This website was born of an independent study semester at Montana State University Bozeman; but hopefully it extends, eventually, beyond those confines. Its structure is that of a continued, recorded exploration—four people who love poetry exploring James Merrill’s oeuvre. Think of it as a sort of shrine-cum-archaeological dig-cum-ship’s log. If we’ve done our job, it will be a useful and entertaining resource to those who want to learn more about Merrill. Enjoy.
Zach Bowen: I have been writing poetry for as long as I can remember, starting in first grade when I wrote a series of rhyming couplets about the hippopotamus. Poetry has continued to be a proliferating and driving force throughout my life, inspiring me to become a founding member of The Bozeman Poetry Collective, and a student of literature at Montana State University. My fascination with James Merrill began with his poem “The Octopus,” in which the form of the poem embodies its subject in ways that are at once charming and unsettling. I’ve come to understand Merrill’s poetry as a sort of conduit for forgotten sorcery; a magic that I have aspired to learn how to cast ever since.
Keegan Grady: I was born and raised in Belgrade, Montana, and was introduced to poetry by my father’s beaten copy of Seamus Heaney’s Seeing Things. Poetry became a fascination, which by various byways led me to Montana State University’s departments of English and (non-theological) Religious Studies. My introduction to Merrill came two years ago, in a poetry course taught by Dr. Leubner—we read “Self-Portrait in a Tyvek™ Windbreaker,” and I was hooked. What fascinates me about Merrill—and why I believe his poetry is so important—is his preoccupation with surface, with masks and mirrors and illusion, not in some high fantastical sense, but in regards to the masks we use in everyday life, the mirrored surfaces we don that show not us, but the world reflected back on itself.
Matthew Hodgson: I was always under the impression that I would be a medical doctor someday. That was, until I summoned the courage to choose my passion over what I believed to be a familial obligation. English rhetoric and composition is my concentration in undergraduate studies, but my interests lie more with Irish literature, specifically James Joyce, and Twentieth-century poetry, including the work of Derek Walcott, Elizabeth Bishop, and, of course, James Merrill. I first encountered Merrill in the spring of 2018 while studying “Lost in Translation.” Since then, Divine Comedies has held a place in my top three poetry collections with Bishop’s Geography III and Walcott’s The Star-Apple Kingdom. My interest in poetry inspired me to start a club of poets on campus known as the “Poetic Society,” which works closely with The Bozeman Poetry Collective and creates an environment for poets to appreciate and celebrate the craft of writing poetry.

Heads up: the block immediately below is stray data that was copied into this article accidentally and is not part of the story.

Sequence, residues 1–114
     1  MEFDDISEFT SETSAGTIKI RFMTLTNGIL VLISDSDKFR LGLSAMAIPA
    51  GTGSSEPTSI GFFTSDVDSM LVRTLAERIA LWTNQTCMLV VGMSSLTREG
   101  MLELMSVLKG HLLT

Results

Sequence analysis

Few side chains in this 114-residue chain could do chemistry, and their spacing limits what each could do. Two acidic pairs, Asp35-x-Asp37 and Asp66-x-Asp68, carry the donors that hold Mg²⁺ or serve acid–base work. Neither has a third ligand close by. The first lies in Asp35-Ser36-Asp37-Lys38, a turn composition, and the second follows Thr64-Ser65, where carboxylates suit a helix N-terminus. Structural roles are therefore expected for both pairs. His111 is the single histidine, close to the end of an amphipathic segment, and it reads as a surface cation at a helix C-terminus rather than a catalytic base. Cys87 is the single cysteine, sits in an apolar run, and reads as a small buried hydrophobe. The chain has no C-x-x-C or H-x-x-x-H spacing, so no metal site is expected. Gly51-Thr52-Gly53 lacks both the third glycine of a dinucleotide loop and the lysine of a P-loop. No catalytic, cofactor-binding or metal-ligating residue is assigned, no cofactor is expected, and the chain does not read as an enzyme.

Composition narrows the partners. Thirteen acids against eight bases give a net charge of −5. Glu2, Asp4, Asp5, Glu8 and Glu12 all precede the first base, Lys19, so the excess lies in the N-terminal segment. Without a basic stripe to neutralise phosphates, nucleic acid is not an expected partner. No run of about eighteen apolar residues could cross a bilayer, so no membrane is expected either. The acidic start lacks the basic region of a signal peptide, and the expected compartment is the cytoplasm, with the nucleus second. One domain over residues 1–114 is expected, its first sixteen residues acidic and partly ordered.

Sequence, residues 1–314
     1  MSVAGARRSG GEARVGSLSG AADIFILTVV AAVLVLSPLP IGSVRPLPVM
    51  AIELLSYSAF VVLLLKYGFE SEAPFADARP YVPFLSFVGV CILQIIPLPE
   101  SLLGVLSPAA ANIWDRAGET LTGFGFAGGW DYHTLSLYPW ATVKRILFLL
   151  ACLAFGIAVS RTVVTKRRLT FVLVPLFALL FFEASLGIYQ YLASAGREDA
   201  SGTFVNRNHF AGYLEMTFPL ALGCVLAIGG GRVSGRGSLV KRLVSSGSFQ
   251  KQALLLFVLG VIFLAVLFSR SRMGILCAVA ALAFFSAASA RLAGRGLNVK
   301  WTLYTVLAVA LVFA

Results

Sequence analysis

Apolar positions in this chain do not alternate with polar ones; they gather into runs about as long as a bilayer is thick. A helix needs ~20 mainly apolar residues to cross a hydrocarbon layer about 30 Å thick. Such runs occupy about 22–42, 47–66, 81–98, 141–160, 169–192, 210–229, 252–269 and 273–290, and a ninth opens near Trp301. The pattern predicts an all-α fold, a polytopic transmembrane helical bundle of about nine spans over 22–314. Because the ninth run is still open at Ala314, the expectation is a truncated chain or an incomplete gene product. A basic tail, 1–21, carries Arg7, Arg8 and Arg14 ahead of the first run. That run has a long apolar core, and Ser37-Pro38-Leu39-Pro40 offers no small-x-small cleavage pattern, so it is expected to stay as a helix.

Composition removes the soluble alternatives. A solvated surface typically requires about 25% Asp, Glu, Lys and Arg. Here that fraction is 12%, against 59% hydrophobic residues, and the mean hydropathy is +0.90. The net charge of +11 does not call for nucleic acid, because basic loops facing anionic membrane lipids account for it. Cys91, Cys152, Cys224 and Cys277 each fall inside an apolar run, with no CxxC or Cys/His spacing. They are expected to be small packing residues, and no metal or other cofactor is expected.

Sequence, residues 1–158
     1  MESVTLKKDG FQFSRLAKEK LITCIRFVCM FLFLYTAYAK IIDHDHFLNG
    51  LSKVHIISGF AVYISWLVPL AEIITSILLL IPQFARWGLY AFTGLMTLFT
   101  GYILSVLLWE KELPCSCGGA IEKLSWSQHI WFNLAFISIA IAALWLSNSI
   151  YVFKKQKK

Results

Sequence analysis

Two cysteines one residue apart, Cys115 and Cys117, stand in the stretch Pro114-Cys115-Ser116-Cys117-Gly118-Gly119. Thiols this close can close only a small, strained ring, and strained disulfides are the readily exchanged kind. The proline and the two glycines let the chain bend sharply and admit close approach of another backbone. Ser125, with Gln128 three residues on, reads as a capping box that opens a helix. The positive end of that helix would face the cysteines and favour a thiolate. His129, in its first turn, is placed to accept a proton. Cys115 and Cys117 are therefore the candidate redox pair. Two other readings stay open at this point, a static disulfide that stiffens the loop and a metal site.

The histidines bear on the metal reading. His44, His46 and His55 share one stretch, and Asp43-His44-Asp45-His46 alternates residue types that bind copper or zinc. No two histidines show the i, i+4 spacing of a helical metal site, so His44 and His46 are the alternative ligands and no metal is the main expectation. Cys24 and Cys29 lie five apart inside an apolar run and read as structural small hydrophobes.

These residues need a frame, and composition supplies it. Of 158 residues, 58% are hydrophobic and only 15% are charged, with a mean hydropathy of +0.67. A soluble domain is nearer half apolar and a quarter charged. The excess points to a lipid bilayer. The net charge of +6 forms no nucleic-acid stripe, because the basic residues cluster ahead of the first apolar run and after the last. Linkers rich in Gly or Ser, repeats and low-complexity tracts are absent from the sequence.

Ben Leubner: I’ve been living and teaching in Bozeman for ten years now, having received my PhD in English from Northeastern University in 2009. My publications on Merrill up to this point include an article on Merrill and Rilke in Religion and the Arts (“Commanding Angels”: 2015), a review essay on Langdon Hammer’s biography of Merrill in Twentieth-Century Literature (2015), and a chapter on Merrill and Elizabeth Bishop in the forthcoming Reading Elizabeth Bishop: An Edinburgh Reader (June 1, 2019). My work on literature from the 19th century to the present has also appeared in Review 31, 3:AM, The Southwest Review, Letterature d’America, and elsewhere. My own creative nonfiction can be found at ben’s beans – whimandworry. I first discovered Merrill’s work while studying under Dr. Guy Rotella at Northeastern. And this has been a problem ever since.